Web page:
# Revision history [back]

Hi there,

I think, I found a way to make my model behave as desired, i.e. execute the commanded velocities (without "dropping" when velocities 0.0 are sent to the joints).

I'm now using a fake inertia in all our links. Therefore, I defined the following xacro macro and use it in all our links without caring about actual mass and distribution of mass of the corresponding link of the real hardware:

  <xacro:macro name="default_inertial">
<inertial>
<mass value="0.01" />
<origin xyz="0 0 0" />
<inertia ixx="0.001" ixy="0.0" ixz="0.0" iyy="0.001" iyz="0.0" izz="0.001" />
</inertial>
</xacro:macro>


This macro corresponds to a box-shaped body of mass 0.01 kg and a size of about 0.8 x 0.8 x 0.8 m³ (x-y-z). With this macro, the arm now moves the joints with the velocities commanded by the controller.

What makes me disappointed about this, is the fact that we put tremendous efforts in assessing the correct inertia values for our (non-primitive) links by assigning mass properties to the CAD data. We also used data from the technical specs sheets of the real hardware for specifying other properties. Even playing around with all the other properties that can be set in the URDF like, damping, effort limits, soft-limits, mechanicalReduction of transmission as well as all the gazebo-/sdf- tags (see also this thread and this thread) did not improve the behaviour.

Questions
Thus, I would like to know whether Gazebo is able to correctly model non-primitive inertias? Like inertias of asymmetric links that have values != 0.0 for the entries ixy, ìxz and iyz, i.e. values beyond the diagonal of the inertia matrix?

Is there any robot out there that uses a (URDF or SDF) model that actually corresponds to its real hardware properties? That I could use as a template? That uses a VelocityJointInterface as well and works well in simulation?

What other option do I have to further investigate why our model (with real inertias) is not able to execute the commanded velocities?

Am I using wrong units?

Hi there,

I think, I found a way to make my model behave as desired, i.e. execute the commanded velocities (without "dropping" when velocities 0.0 are sent to the joints).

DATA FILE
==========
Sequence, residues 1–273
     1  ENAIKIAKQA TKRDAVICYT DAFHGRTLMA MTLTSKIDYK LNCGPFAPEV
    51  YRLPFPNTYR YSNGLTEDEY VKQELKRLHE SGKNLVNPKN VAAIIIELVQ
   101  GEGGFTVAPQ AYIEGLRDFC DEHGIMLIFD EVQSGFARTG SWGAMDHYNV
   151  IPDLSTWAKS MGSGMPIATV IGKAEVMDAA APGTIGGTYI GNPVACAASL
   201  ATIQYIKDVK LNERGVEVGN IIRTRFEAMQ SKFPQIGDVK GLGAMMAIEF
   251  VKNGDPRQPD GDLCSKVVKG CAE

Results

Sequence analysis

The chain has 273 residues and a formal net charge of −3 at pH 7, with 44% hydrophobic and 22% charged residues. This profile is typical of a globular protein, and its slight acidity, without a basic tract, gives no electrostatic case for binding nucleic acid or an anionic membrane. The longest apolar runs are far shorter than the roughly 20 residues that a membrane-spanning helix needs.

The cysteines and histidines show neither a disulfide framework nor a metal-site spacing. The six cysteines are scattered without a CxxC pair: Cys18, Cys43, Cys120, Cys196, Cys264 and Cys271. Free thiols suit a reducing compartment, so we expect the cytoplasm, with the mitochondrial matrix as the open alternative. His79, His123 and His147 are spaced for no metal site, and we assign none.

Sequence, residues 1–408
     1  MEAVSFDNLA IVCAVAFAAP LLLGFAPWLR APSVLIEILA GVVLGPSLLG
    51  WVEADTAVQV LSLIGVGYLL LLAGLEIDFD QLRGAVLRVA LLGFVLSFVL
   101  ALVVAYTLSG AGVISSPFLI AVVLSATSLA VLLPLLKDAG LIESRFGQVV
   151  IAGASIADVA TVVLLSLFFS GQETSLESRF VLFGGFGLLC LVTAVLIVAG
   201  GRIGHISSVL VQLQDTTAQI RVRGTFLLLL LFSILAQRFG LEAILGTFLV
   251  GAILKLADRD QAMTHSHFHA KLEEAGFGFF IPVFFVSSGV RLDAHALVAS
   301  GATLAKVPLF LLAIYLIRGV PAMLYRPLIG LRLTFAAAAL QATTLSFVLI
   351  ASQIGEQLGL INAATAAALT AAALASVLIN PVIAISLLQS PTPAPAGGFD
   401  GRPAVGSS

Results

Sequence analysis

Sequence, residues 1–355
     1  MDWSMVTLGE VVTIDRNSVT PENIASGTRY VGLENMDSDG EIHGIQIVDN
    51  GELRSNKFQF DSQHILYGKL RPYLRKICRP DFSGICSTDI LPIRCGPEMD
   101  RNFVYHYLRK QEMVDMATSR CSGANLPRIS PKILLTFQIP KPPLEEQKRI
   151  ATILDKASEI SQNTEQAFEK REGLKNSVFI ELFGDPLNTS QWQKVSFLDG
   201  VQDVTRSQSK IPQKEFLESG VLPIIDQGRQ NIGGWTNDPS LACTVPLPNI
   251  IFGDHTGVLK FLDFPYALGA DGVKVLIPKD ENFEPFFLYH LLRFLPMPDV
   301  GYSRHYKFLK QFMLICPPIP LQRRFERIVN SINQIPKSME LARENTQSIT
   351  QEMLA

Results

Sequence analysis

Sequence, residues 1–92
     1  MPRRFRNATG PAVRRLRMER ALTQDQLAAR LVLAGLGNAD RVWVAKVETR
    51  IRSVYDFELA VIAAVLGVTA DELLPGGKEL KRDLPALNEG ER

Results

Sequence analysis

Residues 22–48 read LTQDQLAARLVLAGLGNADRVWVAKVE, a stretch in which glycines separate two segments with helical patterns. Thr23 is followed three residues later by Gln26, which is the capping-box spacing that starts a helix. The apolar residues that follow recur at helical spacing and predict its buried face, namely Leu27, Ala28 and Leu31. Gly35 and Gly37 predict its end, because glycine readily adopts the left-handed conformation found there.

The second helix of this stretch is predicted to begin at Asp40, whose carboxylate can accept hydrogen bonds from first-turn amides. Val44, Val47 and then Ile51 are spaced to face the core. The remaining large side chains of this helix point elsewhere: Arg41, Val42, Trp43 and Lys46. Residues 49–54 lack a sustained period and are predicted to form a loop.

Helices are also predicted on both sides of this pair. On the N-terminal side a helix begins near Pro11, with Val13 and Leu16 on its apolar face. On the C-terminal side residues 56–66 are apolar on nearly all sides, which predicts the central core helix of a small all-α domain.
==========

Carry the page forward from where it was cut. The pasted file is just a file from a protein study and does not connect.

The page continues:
I'm now using a fake inertia in all our links. Therefore, I defined the following xacro macro and use it in all our links without caring about actual mass and distribution of mass of the corresponding link of the real hardware:

  <xacro:macro name="default_inertial">
<inertial>
<mass value="0.01" />
<origin xyz="0 0 0" />
<inertia ixx="0.001" ixy="0.0" ixz="0.0" iyy="0.001" iyz="0.0" izz="0.001" />
</inertial>
</xacro:macro>


This macro corresponds to a box-shaped body of mass 0.01 kg and a size of about 0.8 x 0.8 x 0.8 m³ (x-y-z). With this macro, the arm now moves the joints with the velocities commanded by the controller.

What makes me disappointed about this, is the fact that we put tremendous efforts in assessing the correct inertia values for our (non-primitive) links by assigning mass properties to the CAD data. We also used data from the technical specs sheets of the real hardware for specifying other properties. Even playing around with all the other properties that can be set in the URDF like, damping, effort limits, soft-limits, mechanicalReduction of transmission as well as all the gazebo-/sdf- tags (see also this thread and this thread) did not improve the behaviour.

Questions
Thus, I would like to know whether Gazebo is able to correctly model non-primitive inertias? Like inertias of asymmetric links that have values != 0.0 for the entries ixy, ìxz and iyz, i.e. values beyond the diagonal of the inertia matrix?

Is there any robot out there that uses a (URDF or SDF) model that actually corresponds to its real hardware properties? That I could use as a template? That uses a VelocityJointInterface as well and works well in simulation?

What other option options do I have to further investigate why our model (with real inertias) is not able to execute the commanded velocities?

Am I using wrong units?